Most of my current clients are through a large corporation that handles international relocation–the clients’ companies pay the corporation for a package that includes English lessons for them and their families, and the corporation pays me. The corporation lets me manage everything myself beyond an initial needs assessment, so I have almost total freedom to teach the clients as I see fit. Other students are direct clients.

Because I’m considered a consultant/contractor by the corporation, and because my direct clients have hit a certain critical mass, I’m in the process of becoming a business. I’m an educator and an entrepreneur. (I should be filing my business license tomorrow!) I’ll do occasional posts about this process, because I think there’s relatively little information out there.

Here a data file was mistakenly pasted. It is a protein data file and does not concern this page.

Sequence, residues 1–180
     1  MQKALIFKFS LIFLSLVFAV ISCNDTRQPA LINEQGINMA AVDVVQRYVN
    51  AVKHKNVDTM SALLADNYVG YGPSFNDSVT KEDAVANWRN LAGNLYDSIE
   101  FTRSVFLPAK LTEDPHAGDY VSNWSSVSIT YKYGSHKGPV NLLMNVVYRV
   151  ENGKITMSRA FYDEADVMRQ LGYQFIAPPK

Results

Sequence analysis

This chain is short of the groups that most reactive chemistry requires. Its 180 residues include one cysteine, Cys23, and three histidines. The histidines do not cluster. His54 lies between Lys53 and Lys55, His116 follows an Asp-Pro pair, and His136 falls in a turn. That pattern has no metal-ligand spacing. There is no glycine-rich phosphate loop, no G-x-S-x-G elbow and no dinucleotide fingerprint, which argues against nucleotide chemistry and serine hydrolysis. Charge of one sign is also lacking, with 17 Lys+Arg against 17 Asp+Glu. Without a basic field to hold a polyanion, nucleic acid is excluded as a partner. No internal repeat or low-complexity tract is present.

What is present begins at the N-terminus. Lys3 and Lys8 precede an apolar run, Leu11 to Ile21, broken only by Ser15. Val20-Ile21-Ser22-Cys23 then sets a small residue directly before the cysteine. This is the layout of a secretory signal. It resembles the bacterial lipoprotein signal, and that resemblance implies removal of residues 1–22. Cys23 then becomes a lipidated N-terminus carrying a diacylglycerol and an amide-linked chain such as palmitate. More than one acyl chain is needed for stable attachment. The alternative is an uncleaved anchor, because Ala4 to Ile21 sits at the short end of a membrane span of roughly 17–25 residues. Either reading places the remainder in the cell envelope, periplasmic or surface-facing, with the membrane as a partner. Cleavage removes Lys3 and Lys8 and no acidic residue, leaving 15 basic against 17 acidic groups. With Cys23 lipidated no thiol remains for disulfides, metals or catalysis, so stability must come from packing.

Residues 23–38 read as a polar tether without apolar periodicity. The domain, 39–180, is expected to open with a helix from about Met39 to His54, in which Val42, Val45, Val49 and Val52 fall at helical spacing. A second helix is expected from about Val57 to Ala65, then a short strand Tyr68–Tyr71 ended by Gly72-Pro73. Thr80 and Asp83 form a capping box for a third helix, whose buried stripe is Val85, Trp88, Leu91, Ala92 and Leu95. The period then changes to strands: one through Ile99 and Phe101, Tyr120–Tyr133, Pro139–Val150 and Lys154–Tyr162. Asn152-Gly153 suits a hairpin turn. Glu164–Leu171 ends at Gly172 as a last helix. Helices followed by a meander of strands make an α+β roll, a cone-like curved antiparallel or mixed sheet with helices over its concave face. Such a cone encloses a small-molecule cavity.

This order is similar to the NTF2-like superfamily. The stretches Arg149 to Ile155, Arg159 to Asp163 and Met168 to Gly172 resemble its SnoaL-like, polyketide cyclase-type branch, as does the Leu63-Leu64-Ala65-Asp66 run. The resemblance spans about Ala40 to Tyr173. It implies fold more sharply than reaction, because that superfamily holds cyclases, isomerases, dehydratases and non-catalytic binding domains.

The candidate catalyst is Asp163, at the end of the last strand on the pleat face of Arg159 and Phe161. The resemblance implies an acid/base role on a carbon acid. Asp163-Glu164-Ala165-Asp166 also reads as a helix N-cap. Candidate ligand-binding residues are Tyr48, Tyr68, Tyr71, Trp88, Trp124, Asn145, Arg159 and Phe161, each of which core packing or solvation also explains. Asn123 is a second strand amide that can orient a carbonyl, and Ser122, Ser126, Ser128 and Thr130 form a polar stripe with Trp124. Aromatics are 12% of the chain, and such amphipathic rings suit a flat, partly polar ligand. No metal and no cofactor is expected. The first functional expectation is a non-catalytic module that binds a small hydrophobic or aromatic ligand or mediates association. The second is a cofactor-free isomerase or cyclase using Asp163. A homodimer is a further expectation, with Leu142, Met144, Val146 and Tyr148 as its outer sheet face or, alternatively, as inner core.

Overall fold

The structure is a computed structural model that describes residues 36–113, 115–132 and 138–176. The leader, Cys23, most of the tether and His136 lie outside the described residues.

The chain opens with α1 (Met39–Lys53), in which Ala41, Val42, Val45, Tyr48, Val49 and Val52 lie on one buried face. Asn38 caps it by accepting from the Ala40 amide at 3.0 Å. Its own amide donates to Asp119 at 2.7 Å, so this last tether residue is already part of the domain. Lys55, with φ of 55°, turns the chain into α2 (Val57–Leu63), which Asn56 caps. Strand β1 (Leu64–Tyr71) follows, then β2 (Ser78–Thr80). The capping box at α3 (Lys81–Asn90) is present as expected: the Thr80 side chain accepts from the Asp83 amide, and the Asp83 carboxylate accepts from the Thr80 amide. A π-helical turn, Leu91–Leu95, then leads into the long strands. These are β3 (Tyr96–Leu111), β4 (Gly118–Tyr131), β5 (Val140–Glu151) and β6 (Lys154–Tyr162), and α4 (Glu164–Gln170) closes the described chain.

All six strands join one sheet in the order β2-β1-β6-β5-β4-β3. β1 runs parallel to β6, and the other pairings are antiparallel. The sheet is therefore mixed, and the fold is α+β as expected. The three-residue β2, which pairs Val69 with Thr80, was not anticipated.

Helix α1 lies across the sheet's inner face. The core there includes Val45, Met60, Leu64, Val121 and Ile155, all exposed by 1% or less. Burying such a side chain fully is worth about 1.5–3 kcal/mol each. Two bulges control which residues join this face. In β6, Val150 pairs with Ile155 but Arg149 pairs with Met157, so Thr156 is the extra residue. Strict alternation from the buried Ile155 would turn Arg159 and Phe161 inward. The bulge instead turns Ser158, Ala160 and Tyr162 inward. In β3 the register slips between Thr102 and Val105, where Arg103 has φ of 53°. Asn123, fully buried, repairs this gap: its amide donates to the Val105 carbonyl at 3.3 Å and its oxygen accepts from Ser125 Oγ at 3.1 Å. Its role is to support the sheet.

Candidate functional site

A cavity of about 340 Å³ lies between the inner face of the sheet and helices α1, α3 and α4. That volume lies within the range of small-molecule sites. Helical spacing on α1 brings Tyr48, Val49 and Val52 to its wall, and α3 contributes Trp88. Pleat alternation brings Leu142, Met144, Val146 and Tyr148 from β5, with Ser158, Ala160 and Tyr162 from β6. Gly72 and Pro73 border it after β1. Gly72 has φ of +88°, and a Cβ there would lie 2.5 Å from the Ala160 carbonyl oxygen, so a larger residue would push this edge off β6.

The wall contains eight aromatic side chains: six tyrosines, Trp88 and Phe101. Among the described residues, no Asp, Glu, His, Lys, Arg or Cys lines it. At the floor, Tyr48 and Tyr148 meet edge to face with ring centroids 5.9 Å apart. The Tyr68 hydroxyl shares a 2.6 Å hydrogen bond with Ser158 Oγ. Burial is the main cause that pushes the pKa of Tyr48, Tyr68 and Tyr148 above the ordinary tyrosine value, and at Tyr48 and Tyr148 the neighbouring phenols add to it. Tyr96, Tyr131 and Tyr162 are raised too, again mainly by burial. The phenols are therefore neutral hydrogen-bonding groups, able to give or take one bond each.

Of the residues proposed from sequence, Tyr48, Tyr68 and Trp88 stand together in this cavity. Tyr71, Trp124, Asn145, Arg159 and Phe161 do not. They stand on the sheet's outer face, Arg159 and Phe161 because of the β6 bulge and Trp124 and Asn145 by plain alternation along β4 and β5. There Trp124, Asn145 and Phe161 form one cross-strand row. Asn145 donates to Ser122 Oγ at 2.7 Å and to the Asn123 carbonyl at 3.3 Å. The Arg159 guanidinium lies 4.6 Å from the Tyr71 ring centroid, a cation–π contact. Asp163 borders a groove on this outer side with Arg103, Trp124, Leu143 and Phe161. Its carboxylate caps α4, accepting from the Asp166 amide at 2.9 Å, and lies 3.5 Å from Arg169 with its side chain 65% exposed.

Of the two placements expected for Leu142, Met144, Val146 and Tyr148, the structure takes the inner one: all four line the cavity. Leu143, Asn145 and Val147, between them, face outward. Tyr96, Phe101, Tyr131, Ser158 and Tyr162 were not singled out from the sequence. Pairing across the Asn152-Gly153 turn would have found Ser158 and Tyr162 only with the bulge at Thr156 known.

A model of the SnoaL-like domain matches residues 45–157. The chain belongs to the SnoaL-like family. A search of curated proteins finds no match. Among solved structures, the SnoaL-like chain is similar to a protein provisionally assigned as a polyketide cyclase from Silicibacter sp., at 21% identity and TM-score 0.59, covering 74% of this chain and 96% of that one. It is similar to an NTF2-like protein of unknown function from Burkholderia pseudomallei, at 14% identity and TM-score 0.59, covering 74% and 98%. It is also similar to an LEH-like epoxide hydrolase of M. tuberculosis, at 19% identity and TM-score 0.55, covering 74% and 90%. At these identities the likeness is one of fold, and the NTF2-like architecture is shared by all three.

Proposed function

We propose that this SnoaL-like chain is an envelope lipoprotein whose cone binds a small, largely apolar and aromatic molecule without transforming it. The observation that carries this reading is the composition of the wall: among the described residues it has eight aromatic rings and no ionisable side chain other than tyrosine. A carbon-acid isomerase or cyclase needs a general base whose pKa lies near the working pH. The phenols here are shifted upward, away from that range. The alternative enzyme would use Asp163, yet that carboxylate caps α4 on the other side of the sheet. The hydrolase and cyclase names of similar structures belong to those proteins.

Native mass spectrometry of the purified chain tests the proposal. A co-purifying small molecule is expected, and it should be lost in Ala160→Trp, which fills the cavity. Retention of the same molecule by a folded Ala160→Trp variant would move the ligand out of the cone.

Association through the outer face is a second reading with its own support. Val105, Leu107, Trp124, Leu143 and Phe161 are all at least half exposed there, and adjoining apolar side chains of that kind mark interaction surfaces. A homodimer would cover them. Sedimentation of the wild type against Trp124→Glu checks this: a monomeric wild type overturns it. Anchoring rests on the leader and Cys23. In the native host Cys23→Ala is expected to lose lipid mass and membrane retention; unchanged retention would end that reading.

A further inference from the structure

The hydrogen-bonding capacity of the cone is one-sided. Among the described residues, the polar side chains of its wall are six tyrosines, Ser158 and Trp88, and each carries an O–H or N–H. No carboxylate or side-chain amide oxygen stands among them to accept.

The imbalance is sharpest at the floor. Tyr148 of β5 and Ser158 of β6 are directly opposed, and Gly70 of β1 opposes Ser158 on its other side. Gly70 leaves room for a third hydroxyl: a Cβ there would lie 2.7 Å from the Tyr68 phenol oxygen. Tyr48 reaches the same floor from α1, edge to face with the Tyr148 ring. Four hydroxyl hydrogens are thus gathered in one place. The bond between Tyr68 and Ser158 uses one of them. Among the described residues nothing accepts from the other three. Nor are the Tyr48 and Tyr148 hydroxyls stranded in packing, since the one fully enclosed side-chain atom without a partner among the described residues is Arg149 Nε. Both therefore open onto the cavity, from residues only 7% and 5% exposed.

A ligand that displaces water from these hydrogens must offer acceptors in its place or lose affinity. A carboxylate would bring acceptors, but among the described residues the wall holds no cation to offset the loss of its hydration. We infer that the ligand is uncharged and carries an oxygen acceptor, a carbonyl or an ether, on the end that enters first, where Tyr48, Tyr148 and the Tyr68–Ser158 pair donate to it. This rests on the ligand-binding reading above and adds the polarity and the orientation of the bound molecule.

While I’ll write about some of the drawbacks of this arrangement later, let me give you some of the advantages:

  • I have total academic freedom (materials, topics, methods, everything)
  • No power struggles or politics
  • I can set my own schedule
  • I can work more or less according to my time and budget
  • I can cancel or reschedule lessons any time
  • I really get to know my students (and I never worry about multilevel classes)
  • Socializing with clients is okay (I don’t give grades or feedback to their bosses)
  • Students get really focused, personal attention
  • I don’t have to commute–some clients come to me, but all are within a 5-mile radius
  • I never get bored–every client is different, and I get to learn about new fields
  • Clients are seriously motivated and appreciative
  • No pressure to teach to a test
  • No classroom discipline issues
  • I can “fire” my students if I want to, though I’ve never had to
  • And finally (don’t hate me!) no stacks of papers to grade!

If you’ve done this kind of work, what are some other advantages? I know I’m missing several.

The disadvantages are not insubstantial, though. I’ll definitely be discussing the many drawbacks and how I’m trying to address them.

If you have questions about doing this kind of work, leave me a comment and I’ll do my best to try to answer in a future post.